Ian R Crane is turning. The frackers are back.


Boris Johnson has opened the door to the return of fracking in the UK, which has been under a “moratorium” for more than two years, in a bid to help diversify the country’s energy supply.

Johnson told MPs in Prime Minister’s Questions this lunchtime: “We need to meet the long term impacts of the spike in energy prices and that is why I will be setting out an energy independence plan for this country.”

Senior Government figures made clear that this includes revisiting fracking – as I forecast ministers would have to do just a week ago. An announcement is due in the next few days, the PM said.

The new energy policy would include maximising renewables, more transitional oil and gas and more nuclear power stations.

“We will do everything in our power to abate the cost of energy across the country as we already are,” the PM said. “It needs a short term, medium term and long term energy strategy so that we have sustainable supplies.”

Johnson did not mention fracking but it is clear that a door has been opened. The change of tack appeared to start yesterday: Tory MPs were told by the environment department that England’s only two viable shale gas wells might now not be sealed with concrete next week, as planned.

That came at the same time as Steve Baker, the Tory MP and leader of the Net Zero Scrutiny group, corralled groups of MPs and peers to meet with fracking industry representatives in the House of Commons.

A screen showed some unfracked rock emitting gas mined in 2019 from 2,000 metres underneath Nottinghamshire, bubbling away in a tank of water during the meeting.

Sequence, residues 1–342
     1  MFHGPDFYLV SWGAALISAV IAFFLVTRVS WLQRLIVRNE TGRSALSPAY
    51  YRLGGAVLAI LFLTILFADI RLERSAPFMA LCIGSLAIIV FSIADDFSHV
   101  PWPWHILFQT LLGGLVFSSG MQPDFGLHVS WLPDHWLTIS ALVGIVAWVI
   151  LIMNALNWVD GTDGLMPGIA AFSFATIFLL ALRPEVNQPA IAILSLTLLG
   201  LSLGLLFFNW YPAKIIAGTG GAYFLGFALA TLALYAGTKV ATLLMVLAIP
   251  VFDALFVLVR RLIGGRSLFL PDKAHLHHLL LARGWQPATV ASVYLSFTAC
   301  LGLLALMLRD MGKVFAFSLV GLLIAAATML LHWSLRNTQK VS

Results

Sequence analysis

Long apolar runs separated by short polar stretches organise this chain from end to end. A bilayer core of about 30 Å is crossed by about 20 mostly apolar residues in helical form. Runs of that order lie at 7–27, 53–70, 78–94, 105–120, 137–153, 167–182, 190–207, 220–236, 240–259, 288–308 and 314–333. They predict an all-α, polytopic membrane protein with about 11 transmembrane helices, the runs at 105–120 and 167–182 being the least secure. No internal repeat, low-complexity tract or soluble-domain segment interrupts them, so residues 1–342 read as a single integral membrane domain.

Charles McAllister, from UK Onshore Oil and Gas, said that the Bowland-Hodder Shale basin under the Midlands and north of England amounted to 37,600 billion cubic metres of gas.

If just 10 per cent of the estimated in-place resource were recovered – the UK would be self-sufficient in natural gas for 50 years. A single site can heat 500,000 homes.

There are benefits domestically from a new fracking industry, ranging from tens of thousands of jobs being created to billions paid into the Exchequer from business rates, combined with tumbling heating bills.

The industry – as you might expect – protested about “overzealous” regulation and planning which it says are “not conducive to development” which strangled the nascent wells.

And there is a huge education effort that needs to be done by the fracking industry to win over local hearts and minds worried about the increased risk of earth tremors.

One MP asked whether local communities could be rewarded with cheaper gas bills if they did not object to new wells being sunk.

(Not much help if you’re being poisoned with methane and your house is falling down.  Tories hunting share gains is all this is about.  Russian gas is so cheap.  We really don’t need to destroy our country over this.)

Another problem – how to stop fracked gas produced here from finding a higher price in continental Europe through the inter connectors – remained.

There are plenty of issues to work through. But the war in Ukraine is forcing the UK Government to overhaul how Britain will keep the lights on for the next decades.

Chopper (Telegraph)


One Response to “Ian R Crane is turning. The frackers are back.”

  1. danceaway says:

    Oh, no…….